If you ask any teacher why they became a teacher, chances are really good that they'll say something like: "I love kids," "I love science/math/writing," "I love having summers off." And you may even get, "On the first day of kindergarten, I just knew I'd grow up to become a teacher."
What they will not say is, "My passion is preparing children to take standardized tests. I want to pass on to future generations my love of those little bubbles!" Ah, no.
Me. I went into teaching to empower kids for life. I wanted to instill in them a love of learning, a connection to each other and to the earth, and the ability to think critically and creatively. And I think I actually managed to sneak a little of that in between the state mandate of preparing them for the tests in April. It's a big part of why I left teaching. No more bubbles for me!
Welcome to higher education, the land of the BIG bubble test. In the nursing world it's called the NCLEX. It's our licensing exam, the tollbooth between nursing school and being a nurse. And, upon entry into nursing school, the student in white scrubs spends most of their time preparing for this test. In our program, which is accelerated, we have a major exam every week. Fifty questions that are designed to both test your knowledge of the content and prepare you for the NCLEX. Preparing the nursing student for the NCLEX means learning how to "think like a nurse." Or at least a nurse taking a test.
And it's not just nurses who get to bask in the joy of the bubble. Every profession has either a licensing exam or an exit exam or something else that requires a #2 pencil for success. You know what I'm talking about. What bubbles did you sweat over?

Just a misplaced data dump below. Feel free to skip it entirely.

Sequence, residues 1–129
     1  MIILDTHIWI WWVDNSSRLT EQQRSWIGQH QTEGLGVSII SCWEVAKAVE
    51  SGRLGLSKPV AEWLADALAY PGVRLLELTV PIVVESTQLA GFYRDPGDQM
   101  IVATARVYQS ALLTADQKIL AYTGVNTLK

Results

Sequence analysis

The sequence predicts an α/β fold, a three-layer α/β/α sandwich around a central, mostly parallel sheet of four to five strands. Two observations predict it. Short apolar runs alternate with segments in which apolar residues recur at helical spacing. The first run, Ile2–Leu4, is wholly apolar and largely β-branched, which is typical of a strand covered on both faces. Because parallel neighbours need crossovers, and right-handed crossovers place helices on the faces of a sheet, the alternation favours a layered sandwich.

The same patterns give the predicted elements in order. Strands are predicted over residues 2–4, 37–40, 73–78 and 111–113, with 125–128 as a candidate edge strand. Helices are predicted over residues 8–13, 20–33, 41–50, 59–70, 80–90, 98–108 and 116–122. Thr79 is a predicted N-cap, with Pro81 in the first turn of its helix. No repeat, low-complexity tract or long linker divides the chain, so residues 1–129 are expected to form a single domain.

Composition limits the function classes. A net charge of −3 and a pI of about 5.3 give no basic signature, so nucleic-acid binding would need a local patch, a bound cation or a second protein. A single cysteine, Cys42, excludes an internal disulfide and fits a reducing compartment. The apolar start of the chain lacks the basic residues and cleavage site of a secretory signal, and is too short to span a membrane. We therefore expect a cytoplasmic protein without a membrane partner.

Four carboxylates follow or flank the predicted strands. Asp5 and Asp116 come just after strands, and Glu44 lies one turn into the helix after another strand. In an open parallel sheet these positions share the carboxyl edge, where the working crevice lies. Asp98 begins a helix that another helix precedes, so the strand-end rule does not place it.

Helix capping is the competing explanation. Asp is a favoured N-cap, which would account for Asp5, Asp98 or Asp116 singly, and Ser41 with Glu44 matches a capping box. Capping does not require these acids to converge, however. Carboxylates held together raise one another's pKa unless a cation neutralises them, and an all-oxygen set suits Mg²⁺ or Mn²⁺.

So now I'm wondering if I should go and speak to graduating classes at teacher colleges and tell them to accept the reality of their charter as a teacher: to prepare kids to take tests. Sure, art and music are fun and work the "other" side of the brain, but if you really want your students to be able to get into college, to have choices in life, to pass the SAT, ACT, GRE, MCAT, licensing exam and every other Scantron sheet that comes their way, hear my words,
"Embrace the bubble!"
I didn't do it as a teacher, but I'm doing it now. Sure, I'd love to be spending all of my time in nursing school learning how to be the best nurse I can be, connected with amazing mentors who share their experience and wisdom with me. I'd love to be learning, and proving my learning, in a way that works best for me. Unfortunately for me, that isn't filling in the bubbles. After two exams, my GPA is 10 points below the class average. I think too much during tests, look at too big of a picture, get to creative with my answers. I know what I need to do to succeed in nursing school. I need to become a great test taker.
And as Chevy Chase said in Caddyshack, I need to "be the bubble."
Suggestions and accolades are welcome.
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